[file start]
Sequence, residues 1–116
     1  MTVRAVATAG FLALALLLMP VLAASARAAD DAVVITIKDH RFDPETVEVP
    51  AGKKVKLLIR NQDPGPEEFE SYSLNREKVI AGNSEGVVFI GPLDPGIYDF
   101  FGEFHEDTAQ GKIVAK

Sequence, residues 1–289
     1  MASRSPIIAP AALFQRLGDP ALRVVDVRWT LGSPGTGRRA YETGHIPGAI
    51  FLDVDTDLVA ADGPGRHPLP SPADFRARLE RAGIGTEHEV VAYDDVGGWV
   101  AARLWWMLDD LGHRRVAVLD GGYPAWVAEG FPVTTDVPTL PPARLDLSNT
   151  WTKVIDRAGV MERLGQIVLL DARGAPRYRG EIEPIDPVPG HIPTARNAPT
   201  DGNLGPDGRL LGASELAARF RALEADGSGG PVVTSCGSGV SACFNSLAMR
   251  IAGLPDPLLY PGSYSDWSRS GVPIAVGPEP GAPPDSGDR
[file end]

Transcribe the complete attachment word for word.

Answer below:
Sequence, residues 1–116
     1  MTVRAVATAG FLALALLLMP VLAASARAAD DAVVITIKDH RFDPETVEVP
    51  AGKKVKLLIR NQDPGPEEFE SYSLNREKVI AGNSEGVVFI GPLDPGIYDF
   101  FGEFHEDTAQ GKIVAK

Sequence, residues 1–289
     1  MASRSPIIAP AALFQRLGDP ALRVVDVRWT LGSPGTGRRA YETGHIPGAI
    51  FLDVDTDLVA ADGPGRHPLP SPADFRARLE RAGIGTEHEV VAYDDVGGWV
   101  AARLWWMLDD LGHRRVAVLD GGYPAWVAEG FPVTTDVPTL PPARLDLSNT
   151  WTKVIDRAGV MERLGQIVLL DARGAPRYRG EIEPIDPVPG HIPTARNAPT
   201  DGNLGPDGRL LGASELAARF RALEADGSGG PVVTSCGSGV SACFNSLAMR
   251  IAGLPDPLLY PGSYSDWSRS GVPIAVGPEP GAPPDSGDR